Dietary supplement market continues steady growth despite weak consumer sentiment

Based on a market report, less than 30% of Malaysians consume dietary supplements compared to S. Korea, Taiwan and Australia


THE Malaysian market for dietary supplements continues to grow steadily every year despite weak business activity and consumers’ low level of acceptance.

Malaysian Dietary Supplement Association (MADSA) president Muthu Shanmunghom said currently, the market size of dietary supplements in the country showed an upward projection at RM2.27 billion.

“The market for nutritional supplements is estimated to be worth between RM1.78 billion and RM2.67 billion. However, its role in promotive and preventive healthcare is often poorly understood.

“If we are serious about shifting the focus to preventive healthcare, then we need to make supplements the first line. If they do not work, then we can use drugs,” he said at the “Media Forum: Trends of Malaysians Taking Dietary Supplements in 2019” in Petaling Jaya yesterday.

Based on a market report released by MADSA, less than 30% of Malaysians consume dietary supplements, compared to higher consumption rates in countries such as South Korea, Taiwan and Australia.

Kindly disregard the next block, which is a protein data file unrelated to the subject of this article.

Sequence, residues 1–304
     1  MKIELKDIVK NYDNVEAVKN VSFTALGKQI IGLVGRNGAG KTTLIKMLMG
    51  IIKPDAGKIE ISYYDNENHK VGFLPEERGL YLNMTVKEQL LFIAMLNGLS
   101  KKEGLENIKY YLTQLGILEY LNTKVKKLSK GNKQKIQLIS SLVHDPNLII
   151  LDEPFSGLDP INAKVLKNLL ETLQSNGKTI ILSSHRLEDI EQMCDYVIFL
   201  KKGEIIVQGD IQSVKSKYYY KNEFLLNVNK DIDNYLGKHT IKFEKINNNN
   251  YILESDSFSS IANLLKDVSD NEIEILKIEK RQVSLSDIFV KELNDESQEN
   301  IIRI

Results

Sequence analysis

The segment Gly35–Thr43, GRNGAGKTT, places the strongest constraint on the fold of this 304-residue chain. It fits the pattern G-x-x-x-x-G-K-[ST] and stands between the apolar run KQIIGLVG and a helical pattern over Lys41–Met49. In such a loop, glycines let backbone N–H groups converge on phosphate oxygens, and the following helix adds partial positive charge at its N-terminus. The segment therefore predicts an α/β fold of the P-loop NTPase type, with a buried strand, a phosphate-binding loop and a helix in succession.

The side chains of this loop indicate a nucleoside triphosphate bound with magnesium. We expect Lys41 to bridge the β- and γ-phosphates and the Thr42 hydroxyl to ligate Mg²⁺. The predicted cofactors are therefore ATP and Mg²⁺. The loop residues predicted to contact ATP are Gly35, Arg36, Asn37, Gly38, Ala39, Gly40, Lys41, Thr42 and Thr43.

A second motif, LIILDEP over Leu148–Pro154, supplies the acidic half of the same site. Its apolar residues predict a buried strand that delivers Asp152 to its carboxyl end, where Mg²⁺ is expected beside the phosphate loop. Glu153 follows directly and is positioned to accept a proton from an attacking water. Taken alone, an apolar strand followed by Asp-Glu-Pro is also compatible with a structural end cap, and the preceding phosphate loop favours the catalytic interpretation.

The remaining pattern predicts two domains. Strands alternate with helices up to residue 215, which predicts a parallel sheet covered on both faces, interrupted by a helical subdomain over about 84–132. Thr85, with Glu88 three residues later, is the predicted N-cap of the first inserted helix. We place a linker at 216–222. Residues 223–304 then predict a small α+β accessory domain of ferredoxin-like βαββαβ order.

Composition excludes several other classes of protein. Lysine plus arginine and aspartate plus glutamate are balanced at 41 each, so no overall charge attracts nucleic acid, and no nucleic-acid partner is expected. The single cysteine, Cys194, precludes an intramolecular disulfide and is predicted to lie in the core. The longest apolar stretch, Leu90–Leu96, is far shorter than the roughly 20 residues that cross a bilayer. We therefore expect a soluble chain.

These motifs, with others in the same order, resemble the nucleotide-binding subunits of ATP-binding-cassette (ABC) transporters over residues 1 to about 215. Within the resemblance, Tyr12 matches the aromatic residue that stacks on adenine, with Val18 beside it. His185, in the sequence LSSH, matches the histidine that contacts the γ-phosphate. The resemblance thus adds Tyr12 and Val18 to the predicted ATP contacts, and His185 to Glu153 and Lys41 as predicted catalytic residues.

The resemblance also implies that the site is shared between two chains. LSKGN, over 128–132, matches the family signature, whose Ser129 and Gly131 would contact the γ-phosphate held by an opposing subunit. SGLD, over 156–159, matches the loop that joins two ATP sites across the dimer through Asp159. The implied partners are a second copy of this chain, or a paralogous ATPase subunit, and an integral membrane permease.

Meanwhile, Holista Group founder Datuk Dr Rajen Manicka said the global nutrition industry is growing to a recession every year.

“There are millions of people paying out of their pockets to buy these supplements despite the continued ‘thumbs down’ from the medical community.

“Additionally, there is outright opposition from the pharmaceutical industry against dietary supplements, and most of the regulators are not supportive of the market.

“We need to keep in mind that a bottle of supplement today is quite expensive and the purchase will not be reimbursed by your company or your insurance.

“But clearly, we can see the trend of people buying supplements because it works for them and people feel that their sources of food today are defective,” he said.

Recently, it was reported that there is a need for more supplement intake because the modern farming methods have depleted nutrients in the soil.

Dr Rajen said consumers should understand the concept of dietary supplements and that they will not cure a disease overnight.

“The benefits are there — 1g of fish oil could actually bring down sudden deaths by heart attack by 45% without any side effects.

“People today are also more concerned about the ‘back to nature’ movement, where they choose to consume supplements that are organic.

“I think what we can expect ahead for the dietary supplement market is we need scientific validation and to engage with regulators to get rid of the bad apples in the industry,” he said.

Based on the report, the fastest growing market segment thus far is cognitive, mental and mood supplements which recorded a 17.9% growth.

MADSA is determined to undertake several initiatives to engage the various government agencies to improve the healthcare of residents in Malaysia.